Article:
It would seem clear from the picture on the opposite page that Adele Astaire is both eternally young and eternally full of fun—which is exactly the case. Her expression probably is due in part to the delectable rum drink she is sipping from the hollowed inside of a pineapple. The drink is a specialty of that Xanadu of club-colony resorts, Round Hill, eight miles west of Montego Bay in the West Indian island of Jamaica. Here the darling of the '20s, who with her brother Fred once danced into the hearts of a whole generation of Broadway theatergoers, lives exuberantly in the present, acknowledged as one of the gayest members of a winter colony not given in any large degree to asceticism.
During their weeks at Round Hill, Adele and her husband, Kingman Douglass, a Manhattan investment broker, lead an utterly relaxed life. "King and I love our cottage," she told me. "It has white jalousies and is mostly white inside. Some rooms are yellow, but it's all very cool. We love the trees called flame-of-the-forest, the hummingbirds with long tails, the palms, the tuberoses, the night-scented jasmine. The whole place has what I call a chic l�ger: there are French chefs in the main do (the Round Hill Hotel, central clubhouse of the cottage owners) and fabulous food; marvelous wines and calypso singers at night....
"Everybody you've ever heard of turns up in Round Hill," she went on, "but the lovely thing is, you can be yourself. I can go to bed if I want to with a cup of tea, a boiled egg and the sound of distant music. I can wear Chinese pajama suits. I love the picnics we can take any day to distant beaches. And I love the drinks made with rum, and rum on the rocks—that's very romantic under the moon."
To the sportsmen and beach-lovers and just plain vacationers who have been captivated at one time or another by Round Hill, or by some other island paradise in the Caribbean, the taste of either of the rum concoctions described at right should bring to mind some of the romance of these delightful places.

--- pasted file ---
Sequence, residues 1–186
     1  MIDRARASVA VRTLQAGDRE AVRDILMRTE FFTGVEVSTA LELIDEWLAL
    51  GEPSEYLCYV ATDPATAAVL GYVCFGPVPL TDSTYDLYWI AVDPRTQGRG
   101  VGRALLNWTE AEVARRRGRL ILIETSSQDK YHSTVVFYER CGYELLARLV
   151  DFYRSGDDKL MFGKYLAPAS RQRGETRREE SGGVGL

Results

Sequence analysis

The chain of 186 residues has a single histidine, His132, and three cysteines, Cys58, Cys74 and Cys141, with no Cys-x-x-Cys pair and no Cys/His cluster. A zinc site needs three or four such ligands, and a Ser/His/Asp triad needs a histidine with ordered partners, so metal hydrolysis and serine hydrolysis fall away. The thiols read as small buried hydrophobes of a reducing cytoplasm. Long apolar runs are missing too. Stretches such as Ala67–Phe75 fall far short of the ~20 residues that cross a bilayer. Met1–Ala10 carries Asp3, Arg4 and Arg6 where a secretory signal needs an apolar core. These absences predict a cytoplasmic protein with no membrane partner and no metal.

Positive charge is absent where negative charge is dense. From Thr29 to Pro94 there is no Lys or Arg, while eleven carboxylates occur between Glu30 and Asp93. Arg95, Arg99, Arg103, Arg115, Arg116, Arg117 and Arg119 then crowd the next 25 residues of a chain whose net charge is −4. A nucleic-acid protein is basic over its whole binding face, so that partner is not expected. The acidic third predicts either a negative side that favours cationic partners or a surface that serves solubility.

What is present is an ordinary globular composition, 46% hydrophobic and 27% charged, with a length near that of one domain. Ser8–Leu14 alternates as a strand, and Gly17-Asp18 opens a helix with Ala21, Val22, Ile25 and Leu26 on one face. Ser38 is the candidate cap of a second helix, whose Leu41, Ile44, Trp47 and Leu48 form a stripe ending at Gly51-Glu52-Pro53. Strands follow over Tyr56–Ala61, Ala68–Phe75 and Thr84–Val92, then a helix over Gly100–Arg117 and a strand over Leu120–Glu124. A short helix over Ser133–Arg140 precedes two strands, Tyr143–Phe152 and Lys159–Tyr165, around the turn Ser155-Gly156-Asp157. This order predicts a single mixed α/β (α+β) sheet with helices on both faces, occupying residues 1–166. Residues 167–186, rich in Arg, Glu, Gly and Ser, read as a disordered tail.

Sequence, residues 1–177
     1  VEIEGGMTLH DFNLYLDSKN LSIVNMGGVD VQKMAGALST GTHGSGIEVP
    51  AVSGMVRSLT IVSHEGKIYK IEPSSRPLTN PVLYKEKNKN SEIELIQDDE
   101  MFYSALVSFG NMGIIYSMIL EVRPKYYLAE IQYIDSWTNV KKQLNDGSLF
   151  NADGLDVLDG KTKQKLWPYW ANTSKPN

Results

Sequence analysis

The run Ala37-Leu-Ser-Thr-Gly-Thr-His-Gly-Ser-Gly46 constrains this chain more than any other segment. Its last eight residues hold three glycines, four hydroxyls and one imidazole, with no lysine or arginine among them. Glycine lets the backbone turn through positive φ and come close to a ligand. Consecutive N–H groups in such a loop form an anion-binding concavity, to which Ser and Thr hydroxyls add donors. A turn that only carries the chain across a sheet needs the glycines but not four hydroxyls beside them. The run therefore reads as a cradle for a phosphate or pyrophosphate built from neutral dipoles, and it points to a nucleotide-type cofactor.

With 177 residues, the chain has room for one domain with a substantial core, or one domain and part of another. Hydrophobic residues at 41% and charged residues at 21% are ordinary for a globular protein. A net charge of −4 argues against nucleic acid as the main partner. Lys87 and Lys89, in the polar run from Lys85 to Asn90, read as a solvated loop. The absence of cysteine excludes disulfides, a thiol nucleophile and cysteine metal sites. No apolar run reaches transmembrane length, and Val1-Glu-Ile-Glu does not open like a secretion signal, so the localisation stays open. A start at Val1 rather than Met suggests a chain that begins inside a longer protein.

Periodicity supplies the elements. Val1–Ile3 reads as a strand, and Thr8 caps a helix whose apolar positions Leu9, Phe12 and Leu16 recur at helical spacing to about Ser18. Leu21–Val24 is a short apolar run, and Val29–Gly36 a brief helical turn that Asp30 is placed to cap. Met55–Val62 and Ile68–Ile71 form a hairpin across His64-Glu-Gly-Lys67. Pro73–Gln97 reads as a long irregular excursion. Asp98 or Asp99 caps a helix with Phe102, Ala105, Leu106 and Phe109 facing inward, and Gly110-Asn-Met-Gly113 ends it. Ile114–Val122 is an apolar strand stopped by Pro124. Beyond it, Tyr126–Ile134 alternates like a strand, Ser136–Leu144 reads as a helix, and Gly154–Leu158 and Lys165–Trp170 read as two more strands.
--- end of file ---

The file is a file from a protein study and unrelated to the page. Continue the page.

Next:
ROUND HILL SPECIAL
This drink calls for a small, ripe pineapple. First the end including the green "crown" of the pineapple is cut off—later to be replaced—and a hole for the straw is made in this cap with an ice pick or other sharp instrument.
Now remove the pulp from the decapitated pineapple to form a hollow within the shell of the fruit. Cut pulp finely; you will need enough to fill about� cup closely packed. Place this in an electric blender with 2 ounces (� cup) of gold Jamaica rum. (In this recipe a gold rum of some other variety, such as Cuban or Puerto Rican, can be substituted, if desired, with a corresponding variation in results.) Add also to the blender 1 ounce (? cup) apricot brandy, 2 teaspoons fresh-squeezed lime juice and� cup shaved ice. Run the blender at high speed. Pour drink into pineapple. Replace top and stick it in place with toothpicks. Serve with a straw.
PEPPER PUNCH (for two)
This is a famous drink served with the Plantation Breakfast (actually brunch) in the patio at Round Hill. A 40-foot buffet table is piled high with about 75 West Indian dishes, including breadfruit stuffed with Parmesan cheese and fried coconut, Jamaican chicken-rice, an array of roasted suckling pigs, white rice with pigeon peas, etc., etc. Here is the formula for the punch:
Place in a large shaker the following ingredients: 2 ounces (� cup) gold Jamaica rum; 1 ounce (? cup) dark Jamaica rum; 7 teaspoons fresh-squeezed lime juice; 7 teaspoons sugar dissolved in a little water; 4 large dashes of Angostura bitters and 1 large dash each of cayenne pepper and ground cinnamon. Add a cup or a little more of fine-cracked ice and shake madly. Pour out the punch, ice and all, into 2 old-fashioned glasses. [This is to my mind one of the best West Indian drinks I have ever tasted—M.F.M.]